- The sun beats down much harder and brighter. The Florida sun is much more intense than the Georgia sun.
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Old 05-17-2012, 04:16 PM
 
Location: ๏̯͡๏﴿ Gwinnett-That's a Civil Matter-County
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Quote:
Originally Posted by shiraz72 View Post
Have you experienced a tornado close to home that you heard or seen?
I have lived in both places and while I've seen small tornados in florida (I never saw any when I lived in Orangelando), although they weren't very severe and they are rather uncommon.

Unfortunately, GA is a much different story. The risk of deadly tornados is high here. Had a smaller one strike a few miles away and a very destructive one strike up in the mountains where I like to recreate. A family friend had their house damaged in a tornado about 12 years ago. Florida just doesn't see the kind of long track tornados that we occasionally have here. They don't really have the dry air and unstable air masses colliding which is often cited as the reason for supercell thunderstorm breakouts.

Quote:
Originally Posted by ATLTJL View Post
- It's about as hot and humid as Atlanta. People think it's worse, but I personally don't.
Definitely not. The humidity and heat there is downright oppressive. It never cools down is the problem and they don't ever get crisp cool seasons. It's a swamp. I tried camping there once in the winter and I couldn't breathe it was so muggy.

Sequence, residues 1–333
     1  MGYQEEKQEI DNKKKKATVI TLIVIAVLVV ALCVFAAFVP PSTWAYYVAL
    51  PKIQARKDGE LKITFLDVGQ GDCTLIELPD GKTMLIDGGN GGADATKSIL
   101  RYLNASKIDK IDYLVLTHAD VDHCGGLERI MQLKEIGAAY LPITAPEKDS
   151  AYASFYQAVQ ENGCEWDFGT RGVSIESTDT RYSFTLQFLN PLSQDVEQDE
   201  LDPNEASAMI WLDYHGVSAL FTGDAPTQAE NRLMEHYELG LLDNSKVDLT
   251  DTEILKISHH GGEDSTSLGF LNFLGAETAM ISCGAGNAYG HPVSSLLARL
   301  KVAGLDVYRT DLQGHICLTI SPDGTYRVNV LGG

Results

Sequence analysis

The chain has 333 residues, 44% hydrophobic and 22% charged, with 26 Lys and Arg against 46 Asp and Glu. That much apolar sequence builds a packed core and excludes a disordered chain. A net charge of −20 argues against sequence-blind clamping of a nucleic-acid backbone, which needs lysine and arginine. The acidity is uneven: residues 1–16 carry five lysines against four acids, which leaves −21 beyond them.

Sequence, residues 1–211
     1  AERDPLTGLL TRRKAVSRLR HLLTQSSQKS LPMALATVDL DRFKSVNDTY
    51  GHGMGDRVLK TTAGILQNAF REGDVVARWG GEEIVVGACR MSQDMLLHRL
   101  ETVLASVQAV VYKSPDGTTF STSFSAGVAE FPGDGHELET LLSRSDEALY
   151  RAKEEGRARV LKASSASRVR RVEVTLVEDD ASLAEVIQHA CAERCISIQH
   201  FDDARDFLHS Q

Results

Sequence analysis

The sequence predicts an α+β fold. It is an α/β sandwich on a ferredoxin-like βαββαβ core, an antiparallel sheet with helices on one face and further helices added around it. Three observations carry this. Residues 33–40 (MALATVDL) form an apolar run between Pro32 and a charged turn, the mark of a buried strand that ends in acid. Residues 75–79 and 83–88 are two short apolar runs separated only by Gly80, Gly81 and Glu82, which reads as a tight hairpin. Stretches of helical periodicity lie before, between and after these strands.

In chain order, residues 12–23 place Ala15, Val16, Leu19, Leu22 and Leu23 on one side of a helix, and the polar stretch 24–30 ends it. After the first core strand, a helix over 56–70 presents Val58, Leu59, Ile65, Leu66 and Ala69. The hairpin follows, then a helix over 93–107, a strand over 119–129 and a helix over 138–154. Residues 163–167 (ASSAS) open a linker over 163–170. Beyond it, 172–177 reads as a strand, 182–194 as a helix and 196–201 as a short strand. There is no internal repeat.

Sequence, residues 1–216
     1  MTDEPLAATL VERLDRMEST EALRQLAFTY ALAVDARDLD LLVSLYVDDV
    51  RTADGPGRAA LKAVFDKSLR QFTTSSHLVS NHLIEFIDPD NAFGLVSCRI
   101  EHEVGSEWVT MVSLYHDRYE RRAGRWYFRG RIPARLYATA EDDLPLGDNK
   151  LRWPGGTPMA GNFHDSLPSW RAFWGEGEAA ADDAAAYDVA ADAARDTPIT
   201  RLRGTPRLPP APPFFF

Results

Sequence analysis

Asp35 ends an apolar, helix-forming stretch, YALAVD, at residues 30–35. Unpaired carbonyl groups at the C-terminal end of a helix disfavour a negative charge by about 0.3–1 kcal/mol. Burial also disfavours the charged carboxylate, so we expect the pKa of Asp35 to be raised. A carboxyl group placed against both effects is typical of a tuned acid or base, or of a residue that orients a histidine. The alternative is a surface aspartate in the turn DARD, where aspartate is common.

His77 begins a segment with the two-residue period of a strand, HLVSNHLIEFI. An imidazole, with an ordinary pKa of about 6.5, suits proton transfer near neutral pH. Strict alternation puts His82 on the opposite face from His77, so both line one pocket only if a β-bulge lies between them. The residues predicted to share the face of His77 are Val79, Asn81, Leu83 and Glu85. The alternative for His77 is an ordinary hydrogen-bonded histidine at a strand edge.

Also atlanta gets 61-90 days a year of 86+ degrees weather.
Orlando gets 151 - 180 days a year of 86+ degrees weather.
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Old 05-17-2012, 04:41 PM
 
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I agree that Orlando stays hot and humid longer.

I don't think their hottest/muggiest day is much, if any, hotter/muggier than Atlanta's hottest/muggiest day, though.

If it is, it doesn't feel any worse because of the breeze. Or maybe because of the psychology of being near so many lakes and knowing the beach is only 45 minutes away. Orlando has water, water, everywhere you look....maybe that makes it seem cooler than it actually is.
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Old 05-17-2012, 06:41 PM
 
Location: North Fulton
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More humid and hotter in that part of Florida and in middle GA below Macon. Atlanta is moderately humid compared to those areas. If you like all that, Orlando is the place for you.
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Old 05-17-2012, 08:11 PM
 
Location: Atlanta
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I've lived many years in both places so I can say with confidence that anyone who tells you they're similar has no idea what they're talking about. Orlando is significantly hotter and more humid than Atlanta. It's in the 80's or 90's for most of the year, even in the winter. There aren't any seasons to speak of, it's just really hot and then warm for a few months. Occasionally it gets cold for a few days (I even saw snow a couple times) but I remember one year when it was in the upper 80's on Christmas. They used to do rolling blackouts during the summer because of too much power demand, not sure if that's still going on or not.

Atlanta does have hot summers, but they're just that: one season, maybe three months long or four on a particularly hot year. Atlanta's winters are unlike anything you would ever see in Central Florida, and for at least half of the year it's practically room temperature outside. It's a completely different world, trust me on that.

Of course all of this is because Atlanta is hundreds of miles farther north, 1000' feet higher in elevation, and not surrounded by warm ocean water.